To three generations the Chalet School girls were real. We knew their looks, their views, their secret hopes and fears, their own families and the interlocking relationships in and out of the school. It seems impossible that none of it really existed.
But perhaps I am wrong, because it all does exist in the minds and hearts of countless schoolgirls over the last 50 years, who have loved, identified with, and envied the Chalet schoolgirls, and who will pass on their passion to the next generation. To that extent the school does exist, and always will as long as girls read books.
Brent-Dyer's death had been preceded less than a year earlier by Enid Blyton's, and as a result there was a resurgence of critical - highly critical - interest in Blyton's life and work. Blyton was not, of course, primarily a school story writer, although her three series - the Naughtiest Girl, St Clare's and Malory Towers - have remained constantly in print and are perhaps the best-known girls' school stories available in the mid-1990s. Barbara Stoney's Enid Blyton: A Biography, published by Hodder and Stoughton in 1974, reflects the fact that Blyton was not a school story writer as such by only including a passing reference to the school stories, concluding that Blyton's secret:
lay not only in her extraordinary creative and imaginative gifts, her great vivacity and charm, her amazing capacity for hard work and shrewd business acumen - but also in her very ability to look with childlike wonder on to a world of constant enchantment and surprise, putting aside those things which were unpleasant and keeping only her dreams of life as she would like it to be. (p179)
Stoney's biography was essentially unflattering, as the
quote above illustrates, and this reflected the critical atmosphere of
the time. The librarian Sheila Ray carried out research into Enid Blyton
for an MPhil degree during the 1970s, which was published in 1982 as The
Blyton Phenomenon: The controversy surrounding the world's most successful
children's writer (Andre Deutsch). In 1994 she explained to the audience
at the Bettany Press conference "Studying girls' school fiction"
that the subject would have been regarded as unfit for serious study prior
to the 1970s - when Blyton had at least achieved the status of being dead
- and that even then the atmosphere of the time was such that only a critical,
semi-contemptuous tone was acceptable to academia and publishers alike.
This recollection of the critical atmosphere of the time is supported by Elinor M. Brent-Dyer's biographer Helen McClelland, who describes her experience of carrying out research in the 1970s both at the conference and in "In Search of Elinor" in The Chalet School Revisited (Bettany Press, 1994).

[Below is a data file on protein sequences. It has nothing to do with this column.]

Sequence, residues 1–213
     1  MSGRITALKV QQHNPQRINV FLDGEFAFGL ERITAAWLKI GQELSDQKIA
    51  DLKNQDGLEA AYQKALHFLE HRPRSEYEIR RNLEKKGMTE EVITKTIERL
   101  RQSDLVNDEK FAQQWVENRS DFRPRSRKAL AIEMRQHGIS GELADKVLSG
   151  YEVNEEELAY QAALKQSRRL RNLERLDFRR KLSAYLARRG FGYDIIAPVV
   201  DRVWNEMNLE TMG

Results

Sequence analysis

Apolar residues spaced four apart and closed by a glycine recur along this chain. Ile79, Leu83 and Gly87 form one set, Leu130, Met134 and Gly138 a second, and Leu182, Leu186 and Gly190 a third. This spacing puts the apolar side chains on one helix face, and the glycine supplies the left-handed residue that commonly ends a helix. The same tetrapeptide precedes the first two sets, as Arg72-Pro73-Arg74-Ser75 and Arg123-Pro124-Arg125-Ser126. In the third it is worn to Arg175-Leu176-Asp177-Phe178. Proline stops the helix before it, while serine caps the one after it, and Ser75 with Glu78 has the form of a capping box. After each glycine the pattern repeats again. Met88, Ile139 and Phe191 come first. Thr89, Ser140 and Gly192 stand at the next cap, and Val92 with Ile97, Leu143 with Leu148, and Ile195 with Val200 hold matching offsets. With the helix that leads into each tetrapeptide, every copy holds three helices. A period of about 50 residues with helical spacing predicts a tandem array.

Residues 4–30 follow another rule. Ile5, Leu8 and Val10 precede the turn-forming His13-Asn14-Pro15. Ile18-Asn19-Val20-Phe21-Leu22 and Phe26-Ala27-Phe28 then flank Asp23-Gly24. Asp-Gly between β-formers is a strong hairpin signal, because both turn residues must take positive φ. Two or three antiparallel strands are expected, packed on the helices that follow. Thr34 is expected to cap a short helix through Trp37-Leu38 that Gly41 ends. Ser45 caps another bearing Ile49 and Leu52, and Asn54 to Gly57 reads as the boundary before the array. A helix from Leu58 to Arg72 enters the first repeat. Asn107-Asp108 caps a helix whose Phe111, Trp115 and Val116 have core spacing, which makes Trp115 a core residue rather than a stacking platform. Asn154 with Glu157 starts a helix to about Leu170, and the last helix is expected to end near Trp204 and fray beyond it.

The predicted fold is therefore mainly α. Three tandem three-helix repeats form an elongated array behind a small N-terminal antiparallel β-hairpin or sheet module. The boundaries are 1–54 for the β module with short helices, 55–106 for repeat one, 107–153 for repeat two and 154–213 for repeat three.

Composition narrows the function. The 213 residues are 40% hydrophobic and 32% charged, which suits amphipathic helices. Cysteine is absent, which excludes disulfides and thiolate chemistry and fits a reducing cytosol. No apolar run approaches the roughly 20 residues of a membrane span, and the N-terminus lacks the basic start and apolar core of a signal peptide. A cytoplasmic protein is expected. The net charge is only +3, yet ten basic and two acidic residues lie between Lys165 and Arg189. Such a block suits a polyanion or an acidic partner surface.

Elinor Brent-Dyer . . . ? But what on earth makes you want to write about her? That, in the mid-1970s, was the usual reaction to my plan for a book about the author of the Chalet School series. Many of my friends appeared to think that women who wrote school stories were just a bit of a laugh. And even my husband, normally most supportive of my writing projects, failed to see why anyone wanted to devote so much time and labour to the "Shilly-Shally School" - as he called it. A gloomy pronouncement that "People who want to read well-researched, in-depth biographies, don't want to read about Elinor Brent-Dyer; and vice versa . . . " summed up his attitude. Nor was there any lack of Cassandras to join him in the chorus; the bottom line of their predictions being that the book would never find a publisher (which almost proved to be true). (p29)
McClelland also recalls that, in the 1970s:
the girls' school story was thought to be stone-cold dead and deservedly so. Publishers were becoming ever more socially conscious; and children's books, as well as having to be unisex (if not actually slanted towards boys) were expected to cover only subjects considered relevant to the 1970s. My children were happy enough to read stories in this contemporary genre (later they would nickname it "Oil Rigs and Rape"); but their enjoyment of the Chalet School books continued unabated right into their teens. (p32)
It is important to note here that the popular perception of girls' school stories as containing politically undesirable material is not an accurate one, quite apart from the facts that girls' lives are central to the books and they are portrayed as going on to have careers. For example, this extract from Brent-Dyer's Redheads at the Chalet School (Chambers, Edinburgh, 1964) shows that views which were then considered to be politically desirable were included within the genre. "Copper" 's father, a senior policeman, explains the behaviour of the criminal whom the girls have captured as follows:
"Albert Manley never had a chance.
As a schoolboy, he was sent to reformatory, and later, by the time Josh
Manley came out of Dartmoor, he was a promising young hooligan with three
convictions of robbery to his name. Nowadays, of course, it couldn't have
happened. He would have been looked after properly and given a decent training.
In those days, there was no provision for anything of that kind."
"Why not?" Copper asked with interest.
"Well, for one thing it was thought in those days that the best deterrent for crime was punishment. It isn't, you know. In nine cases out of ten it only hardens the criminal." (p179)
It is actually extraordinary to reread this at a time
(April 1997) when both the Labour Party and the Conservative Party promise
tougher action against criminals, in particular the extension of "reformatories"
for juvenile offenders.